Economic Costs Associated with Overweight, Obesity, and Physical Inactivity in California

The California Center for Public Health Advocacy has commissioned for an estimation of the economic burden associated with unhealthy lifestyles of California residents. Their eye-popping results display that risk factors such as overweight, obesity, and physical activity, both individually and collectively, have profound health consequences for the people of California while also negatively influencing the economic situation of the state.

Americans’ prevalence for fast food, sedentary activities, and fast-paced lifestyles has led to adverse health conditions which not only lead to premature illness, disability, and death but also contribute to the nation’s rising medical care costs. Unfortunately, it is often the businesses, taxpayers, and government who are the entities paying the price for these poor choices. CCPHA estimates that the cost to California for overweight, obesity, and physical activity in 2006 to be $41.2 billion, of which $21 billion was attributable to overweight and obesity and $20.2 billion was attributable to physical activity. Rising healthcare costs and a loss of productivity are the primary culprits for these numbers.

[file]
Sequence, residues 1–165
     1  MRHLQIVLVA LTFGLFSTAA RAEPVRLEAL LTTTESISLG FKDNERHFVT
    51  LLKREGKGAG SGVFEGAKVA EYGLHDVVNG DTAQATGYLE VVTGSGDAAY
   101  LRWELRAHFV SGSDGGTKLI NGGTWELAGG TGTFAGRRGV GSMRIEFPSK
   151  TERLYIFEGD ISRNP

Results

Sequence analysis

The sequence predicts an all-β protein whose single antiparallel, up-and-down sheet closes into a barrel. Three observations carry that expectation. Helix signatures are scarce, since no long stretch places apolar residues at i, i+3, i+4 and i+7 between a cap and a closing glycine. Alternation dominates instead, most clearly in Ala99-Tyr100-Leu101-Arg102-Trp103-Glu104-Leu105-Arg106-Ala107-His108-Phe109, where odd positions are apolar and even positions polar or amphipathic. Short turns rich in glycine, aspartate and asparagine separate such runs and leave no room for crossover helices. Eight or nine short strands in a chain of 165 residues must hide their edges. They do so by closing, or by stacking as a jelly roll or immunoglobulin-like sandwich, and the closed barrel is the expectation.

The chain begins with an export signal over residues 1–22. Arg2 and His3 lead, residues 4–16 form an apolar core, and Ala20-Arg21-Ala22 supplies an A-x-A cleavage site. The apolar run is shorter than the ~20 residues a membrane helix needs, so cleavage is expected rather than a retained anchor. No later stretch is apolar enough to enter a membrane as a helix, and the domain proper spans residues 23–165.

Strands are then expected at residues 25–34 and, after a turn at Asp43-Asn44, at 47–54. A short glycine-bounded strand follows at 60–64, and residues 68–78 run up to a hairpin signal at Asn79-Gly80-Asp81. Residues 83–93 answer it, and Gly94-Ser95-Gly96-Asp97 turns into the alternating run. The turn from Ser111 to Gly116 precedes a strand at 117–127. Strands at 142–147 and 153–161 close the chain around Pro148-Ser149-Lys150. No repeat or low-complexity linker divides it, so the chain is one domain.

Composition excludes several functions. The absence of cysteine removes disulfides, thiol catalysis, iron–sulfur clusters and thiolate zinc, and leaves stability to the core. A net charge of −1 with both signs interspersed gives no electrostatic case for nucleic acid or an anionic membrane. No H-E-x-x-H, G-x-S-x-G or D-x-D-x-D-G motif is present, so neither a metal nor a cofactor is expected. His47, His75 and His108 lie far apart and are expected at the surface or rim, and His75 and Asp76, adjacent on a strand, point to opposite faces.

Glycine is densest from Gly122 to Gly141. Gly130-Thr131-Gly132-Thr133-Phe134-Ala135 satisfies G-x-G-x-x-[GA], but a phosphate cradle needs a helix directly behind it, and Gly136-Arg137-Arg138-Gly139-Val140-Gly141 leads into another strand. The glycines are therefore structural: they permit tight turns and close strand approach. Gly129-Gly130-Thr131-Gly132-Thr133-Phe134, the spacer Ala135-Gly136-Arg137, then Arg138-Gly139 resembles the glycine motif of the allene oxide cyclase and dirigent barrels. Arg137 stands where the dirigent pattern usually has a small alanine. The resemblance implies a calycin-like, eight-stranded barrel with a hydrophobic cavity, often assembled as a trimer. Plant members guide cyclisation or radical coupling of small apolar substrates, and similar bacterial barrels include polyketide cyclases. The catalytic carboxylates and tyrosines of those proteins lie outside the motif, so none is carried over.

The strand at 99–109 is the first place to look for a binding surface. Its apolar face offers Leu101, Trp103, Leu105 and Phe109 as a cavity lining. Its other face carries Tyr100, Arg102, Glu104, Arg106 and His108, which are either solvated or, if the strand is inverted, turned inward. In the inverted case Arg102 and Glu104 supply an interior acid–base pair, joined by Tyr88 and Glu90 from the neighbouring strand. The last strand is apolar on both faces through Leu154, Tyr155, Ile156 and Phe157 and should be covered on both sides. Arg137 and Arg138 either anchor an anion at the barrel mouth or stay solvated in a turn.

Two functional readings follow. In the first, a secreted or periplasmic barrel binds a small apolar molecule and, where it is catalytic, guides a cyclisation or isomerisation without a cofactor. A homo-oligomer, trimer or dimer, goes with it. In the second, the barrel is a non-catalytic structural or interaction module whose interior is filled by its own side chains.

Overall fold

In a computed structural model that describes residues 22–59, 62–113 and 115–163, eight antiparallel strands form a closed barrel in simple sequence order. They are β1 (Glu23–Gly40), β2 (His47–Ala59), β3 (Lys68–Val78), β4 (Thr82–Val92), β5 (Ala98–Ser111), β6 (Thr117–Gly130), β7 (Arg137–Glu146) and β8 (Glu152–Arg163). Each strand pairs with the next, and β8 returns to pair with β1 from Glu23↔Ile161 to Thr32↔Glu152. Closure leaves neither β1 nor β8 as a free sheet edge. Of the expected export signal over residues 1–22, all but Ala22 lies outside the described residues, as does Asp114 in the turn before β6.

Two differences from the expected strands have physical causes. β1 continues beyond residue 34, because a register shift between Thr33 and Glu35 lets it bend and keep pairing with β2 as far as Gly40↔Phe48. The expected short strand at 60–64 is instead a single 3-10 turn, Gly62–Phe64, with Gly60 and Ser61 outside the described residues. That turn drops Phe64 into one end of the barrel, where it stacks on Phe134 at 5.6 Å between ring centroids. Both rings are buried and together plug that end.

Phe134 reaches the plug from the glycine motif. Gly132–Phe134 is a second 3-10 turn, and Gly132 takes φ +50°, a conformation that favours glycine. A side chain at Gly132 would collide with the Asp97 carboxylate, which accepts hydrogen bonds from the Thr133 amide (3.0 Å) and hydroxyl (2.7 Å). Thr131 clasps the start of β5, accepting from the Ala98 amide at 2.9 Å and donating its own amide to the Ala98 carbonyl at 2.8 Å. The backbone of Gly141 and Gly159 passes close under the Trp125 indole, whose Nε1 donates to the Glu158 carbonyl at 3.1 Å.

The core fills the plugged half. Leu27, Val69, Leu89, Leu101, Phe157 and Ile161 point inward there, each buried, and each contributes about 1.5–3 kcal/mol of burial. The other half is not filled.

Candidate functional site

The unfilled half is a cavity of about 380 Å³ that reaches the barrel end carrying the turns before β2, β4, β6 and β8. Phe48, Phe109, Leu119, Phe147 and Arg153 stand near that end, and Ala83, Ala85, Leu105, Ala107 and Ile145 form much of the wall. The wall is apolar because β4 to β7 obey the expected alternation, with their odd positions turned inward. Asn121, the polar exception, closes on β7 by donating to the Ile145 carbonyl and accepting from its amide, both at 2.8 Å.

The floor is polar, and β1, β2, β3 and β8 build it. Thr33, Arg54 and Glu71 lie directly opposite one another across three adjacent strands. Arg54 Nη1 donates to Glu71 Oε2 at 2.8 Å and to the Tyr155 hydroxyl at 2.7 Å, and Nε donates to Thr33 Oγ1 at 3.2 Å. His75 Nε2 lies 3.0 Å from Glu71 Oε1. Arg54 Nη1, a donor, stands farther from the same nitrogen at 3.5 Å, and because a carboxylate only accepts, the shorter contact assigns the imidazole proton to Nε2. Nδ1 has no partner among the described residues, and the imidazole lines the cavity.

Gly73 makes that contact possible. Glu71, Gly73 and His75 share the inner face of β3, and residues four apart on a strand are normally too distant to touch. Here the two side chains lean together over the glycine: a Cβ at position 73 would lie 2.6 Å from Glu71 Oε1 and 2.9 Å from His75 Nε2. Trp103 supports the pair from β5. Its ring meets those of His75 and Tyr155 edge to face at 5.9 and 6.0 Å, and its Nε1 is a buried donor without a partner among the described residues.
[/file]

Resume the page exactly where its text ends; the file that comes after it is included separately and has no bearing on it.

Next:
A modest reduction in the prevalence of these unhealthy risk factors of just 5% per year would benefit the state of California immensely, with nearly $2.4 billion in average per year savings. CCPHA advocates for the development and implementation of strategies and policies which promote healthy eating and physical activity which would decrease the burden on the employers and taxpayers currently taking up these costs. However, if nothing is done we can expect to see dramatic increases in these numbers.

To read the brief, click here

For a table displaying the costs of healthcare and lost productivity for the three risk factors in Southern California counties, click here

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